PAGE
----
Biomedical papers - Ahead of Print

Biomed Pap Med Fac Univ Palacky Olomouc Czech Repub. X:X | 10.5507/bp.2017.056

Risk factors for failure of continuous positive airway pressure treatment in patients with ostructive sleep apnoea

David Sloukaa, Monika Honnerovab, Petr Hosekc, Ales Matasd, Karel Slamaa, Jana Landsmanovae, Radek Kuceraf
a Department of Otorhinolaryngology, Faculty of Medicine in Plzen, Charles University in Prague, Edvarda Benese 13, 305 99 Pilsen, Czech Republic
b Department of Pneumology, Faculty of Medicine in Plzen, Charles University in Prague, Edvarda Benese 13, 305 99 Pilsen, Czech Republic
c Biomedical Center, Faculty of Medicine in Plzen, Charles University in Prague, alej Svobody 1655/76, 323 00 Pilsen, Czech Republic
d Department of Mathematics, Faculty of Applied Sciences, University of West Bohemia Pilsen, Univerzitni 2762/22, 301 00 Pilsen, Czech Republic
e Department of Gynaecology, Faculty of Medicine in Plzen, Charles University in Prague, Alej Svobody 80, 304 60 Pilsen, Czech Republic
f Laboratory of Immunoanalysis, Department of Nuclear Medicine, Medical School and Teaching Hospital in Pilsen, Charles University in Prague, Pilsen, Czech Republic

Background and Aims: Obstructive sleep apnoea is a potentially serious sleep disorder associated with the risk of cardiovascular disease. It is treated with continuous airway pressure (CPAP) but this is not always successful. Unsuccessful cases should be treated by bilevel positive airway pressure (BiPAP). The aim of this study was to determine whether common respiratory parameters and/or body mass index (BMI) can be used to predict the probability CPAP failure and hence start such patients on BiPAP from the outset.

Methods: A sample of patients treated by CPAP for OSAS was evaluated a retrospective cohort study. The data measured in sleep monitoring of the successfully treated group and of the group where CPAP had failed were compared. Subsequently, the predictive abilities of BMI, Apnoea Index (AI), Apnoea-Hypopnea Index (AHI), percentage of sleep time in less than 90% oxygen saturation (T90), average oxygen saturation over the duration of sleep (SaO2) and average desaturation per hour of sleep (ODI) were assessed with respect to CPAP failure, both individually and in combination.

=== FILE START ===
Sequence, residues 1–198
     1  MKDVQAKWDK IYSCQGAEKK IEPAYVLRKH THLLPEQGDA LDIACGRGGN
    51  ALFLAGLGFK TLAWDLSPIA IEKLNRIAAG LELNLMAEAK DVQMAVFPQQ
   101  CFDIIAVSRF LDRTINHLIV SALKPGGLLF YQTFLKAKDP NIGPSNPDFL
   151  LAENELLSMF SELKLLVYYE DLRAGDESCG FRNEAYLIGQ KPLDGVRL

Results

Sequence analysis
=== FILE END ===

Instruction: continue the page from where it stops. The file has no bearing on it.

Results: A sample of 479 patients was included in the study. All of the recorded variables except AI were significantly associated with failure of CPAP and their ability to predict the failure ranged from poor to moderate. Since there was significant correlation among all the variables measured a two-variable prediction model combining T90 and BMI produced no significant improvement in the quality of CPAP failure prediction.

Conclusions: BMI was a significant predictor of CPAP failure although it was slightly less predictive than T90. The set of monitored variables included in our study does not allow for CPAP failure to be predicted with clinically relevant reliability.

Keywords: sleep apnoea syndrome, obesity, BMI, CPAP failure, prediction

Received: July 12, 2017; Accepted: December 6, 2017; Prepublished online: January 18, 2018


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